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I Ate a Whole Pan of Brownies… Here’s What You Need to Know

I Ate a Whole Pan of Brownies… Here’s What You Need to Know

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I Ate a Whole Pan of Brownies.

Yes, all by myself. The whole thing.

Well, wait. That is not entirely true. I am exaggerating — a little bit.

As the brownies came out of the oven, I cut the brownies into nine equal squares. My husband had a corner piece. My daughter requested the center. And, I ate one brownie myself, it was another corner piece.

After that, the pan of brownies was all mine.

If you were to round it, I nearly ate the whole pan by myself.

Licking those fingers after eating brownies.

Now, that’s not everything.

I am leaving out one interesting point of this confession. This whole pan of brownies “incident” happened to a registered dietitian.

While my job, at the time, was to talk with hospital patients about their health conditions and how they needed to improve the foods they eat. I was over here secretly eating nearly the whole pan of brownies.

This event coincided with low point in my life.

Not just because I ate the whole pan of brownies. But, this was when I was at the height of my problems with perfectionism. {Though I wouldn’t uncover the reason behind my troubles for a few more years.}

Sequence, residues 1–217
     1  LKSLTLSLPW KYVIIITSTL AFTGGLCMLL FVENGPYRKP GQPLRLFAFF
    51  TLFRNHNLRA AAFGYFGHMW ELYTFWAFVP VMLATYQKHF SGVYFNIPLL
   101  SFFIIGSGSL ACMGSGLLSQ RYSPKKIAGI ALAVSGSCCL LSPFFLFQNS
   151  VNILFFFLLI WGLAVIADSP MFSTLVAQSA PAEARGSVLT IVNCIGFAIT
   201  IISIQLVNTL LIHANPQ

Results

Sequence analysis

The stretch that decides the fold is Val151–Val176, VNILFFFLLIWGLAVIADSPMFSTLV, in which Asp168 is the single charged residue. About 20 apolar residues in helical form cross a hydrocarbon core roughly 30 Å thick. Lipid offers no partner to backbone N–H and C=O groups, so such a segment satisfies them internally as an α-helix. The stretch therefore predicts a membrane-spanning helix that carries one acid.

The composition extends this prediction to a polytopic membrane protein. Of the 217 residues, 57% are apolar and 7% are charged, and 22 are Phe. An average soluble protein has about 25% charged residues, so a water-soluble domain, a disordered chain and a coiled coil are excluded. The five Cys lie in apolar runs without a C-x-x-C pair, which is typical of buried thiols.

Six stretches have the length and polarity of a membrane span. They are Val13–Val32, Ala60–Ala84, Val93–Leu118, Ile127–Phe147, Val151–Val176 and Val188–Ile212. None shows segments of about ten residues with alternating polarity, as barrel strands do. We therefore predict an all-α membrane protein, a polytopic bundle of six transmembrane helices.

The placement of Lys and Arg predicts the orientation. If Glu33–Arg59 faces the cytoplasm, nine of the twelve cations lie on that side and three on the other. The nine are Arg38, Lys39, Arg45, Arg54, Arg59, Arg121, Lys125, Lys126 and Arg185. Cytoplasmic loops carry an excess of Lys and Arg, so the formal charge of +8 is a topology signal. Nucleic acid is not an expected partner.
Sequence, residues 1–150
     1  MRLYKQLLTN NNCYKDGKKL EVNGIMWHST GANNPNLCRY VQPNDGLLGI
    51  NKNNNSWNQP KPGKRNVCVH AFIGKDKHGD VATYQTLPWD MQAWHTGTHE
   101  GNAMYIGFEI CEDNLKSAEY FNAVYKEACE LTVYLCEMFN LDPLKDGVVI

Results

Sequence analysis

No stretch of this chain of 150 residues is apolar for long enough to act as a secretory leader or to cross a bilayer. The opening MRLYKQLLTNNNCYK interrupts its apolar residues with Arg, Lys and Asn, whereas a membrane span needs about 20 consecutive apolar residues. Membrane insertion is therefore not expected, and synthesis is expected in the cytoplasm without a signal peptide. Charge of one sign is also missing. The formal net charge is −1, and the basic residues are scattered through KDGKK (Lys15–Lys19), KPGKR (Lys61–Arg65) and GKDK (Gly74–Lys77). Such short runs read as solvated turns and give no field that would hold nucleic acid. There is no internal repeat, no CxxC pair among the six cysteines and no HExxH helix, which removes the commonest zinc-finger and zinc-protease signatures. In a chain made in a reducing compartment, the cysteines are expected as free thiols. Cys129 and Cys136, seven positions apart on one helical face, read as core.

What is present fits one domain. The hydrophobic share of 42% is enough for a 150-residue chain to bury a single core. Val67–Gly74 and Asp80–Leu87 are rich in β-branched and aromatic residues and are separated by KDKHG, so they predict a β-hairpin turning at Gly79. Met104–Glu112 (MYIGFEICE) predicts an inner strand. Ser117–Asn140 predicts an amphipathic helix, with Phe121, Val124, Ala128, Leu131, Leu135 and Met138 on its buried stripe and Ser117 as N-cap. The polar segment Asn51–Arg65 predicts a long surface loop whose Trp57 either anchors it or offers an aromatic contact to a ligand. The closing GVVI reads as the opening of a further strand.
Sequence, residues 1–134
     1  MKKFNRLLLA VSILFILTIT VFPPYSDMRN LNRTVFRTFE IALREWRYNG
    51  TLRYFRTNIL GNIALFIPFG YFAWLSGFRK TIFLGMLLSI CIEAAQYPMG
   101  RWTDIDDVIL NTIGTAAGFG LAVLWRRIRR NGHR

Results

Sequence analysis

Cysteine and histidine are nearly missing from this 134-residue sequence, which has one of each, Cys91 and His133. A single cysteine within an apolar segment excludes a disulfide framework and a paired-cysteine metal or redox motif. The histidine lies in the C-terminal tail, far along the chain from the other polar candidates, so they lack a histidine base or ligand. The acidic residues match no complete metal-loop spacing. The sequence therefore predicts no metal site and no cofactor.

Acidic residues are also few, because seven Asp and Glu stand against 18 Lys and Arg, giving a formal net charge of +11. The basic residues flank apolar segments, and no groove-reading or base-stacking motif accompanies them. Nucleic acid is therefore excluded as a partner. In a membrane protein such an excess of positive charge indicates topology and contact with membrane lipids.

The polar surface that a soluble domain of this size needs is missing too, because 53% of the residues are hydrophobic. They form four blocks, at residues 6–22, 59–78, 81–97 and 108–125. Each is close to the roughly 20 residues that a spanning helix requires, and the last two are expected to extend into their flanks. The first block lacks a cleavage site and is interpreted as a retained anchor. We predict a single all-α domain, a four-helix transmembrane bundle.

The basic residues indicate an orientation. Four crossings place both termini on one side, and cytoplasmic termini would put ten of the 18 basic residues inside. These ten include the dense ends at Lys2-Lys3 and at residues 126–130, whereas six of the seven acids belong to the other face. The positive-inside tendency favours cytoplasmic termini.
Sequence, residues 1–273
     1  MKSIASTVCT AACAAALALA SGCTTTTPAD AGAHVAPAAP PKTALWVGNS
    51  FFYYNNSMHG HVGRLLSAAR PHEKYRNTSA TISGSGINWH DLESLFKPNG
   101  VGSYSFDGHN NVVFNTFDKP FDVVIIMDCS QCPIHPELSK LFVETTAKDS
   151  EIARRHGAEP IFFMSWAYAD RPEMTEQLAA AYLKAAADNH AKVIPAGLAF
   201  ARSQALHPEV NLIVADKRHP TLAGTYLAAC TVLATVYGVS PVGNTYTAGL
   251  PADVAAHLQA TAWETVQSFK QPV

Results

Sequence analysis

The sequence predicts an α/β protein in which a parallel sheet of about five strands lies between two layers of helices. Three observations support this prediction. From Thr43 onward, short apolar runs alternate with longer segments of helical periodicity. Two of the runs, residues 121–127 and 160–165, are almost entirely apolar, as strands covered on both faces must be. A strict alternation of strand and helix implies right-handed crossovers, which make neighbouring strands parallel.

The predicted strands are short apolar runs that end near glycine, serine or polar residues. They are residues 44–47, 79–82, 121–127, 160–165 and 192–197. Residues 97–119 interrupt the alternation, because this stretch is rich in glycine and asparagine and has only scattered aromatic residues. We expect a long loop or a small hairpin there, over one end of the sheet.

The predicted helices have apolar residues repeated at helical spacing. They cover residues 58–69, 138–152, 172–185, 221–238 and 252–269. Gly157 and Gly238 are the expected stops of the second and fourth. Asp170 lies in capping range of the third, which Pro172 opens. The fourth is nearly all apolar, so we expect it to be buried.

My life felt out of control. And, while eating the pan of brownies was definitely not how I had envisioned my personal life, it was also one of MANY (difficult) events happening simultaneously.


The Brownies Weren’t Even Enjoyable

This is the hard part. Looking back on that night, I didn’t even enjoy or savor the brownies. What followed after I was done eating was less than glamorous too. Can you relate?

Given the fact I cannot remember enjoying the brownies says a lot. All I can remember was standing over the stove longingly gazing at the brownies.

I quickly shoved a second brownie into my mouth. This was of course, after my husband and daughter had gone upstairs. Which meant I was alone in the kitchen. Then, with some hesitation, I reached for a third brownie.

It was almost as if I was in a brownie eating contest. The person who could eat the brownies the fastest would be the winner. And, I wanted that to be me.

The way in which I stuffed my face with the brownies was how you would image a pie eating contest in a movie or TV show. But, with brownies instead of the pie.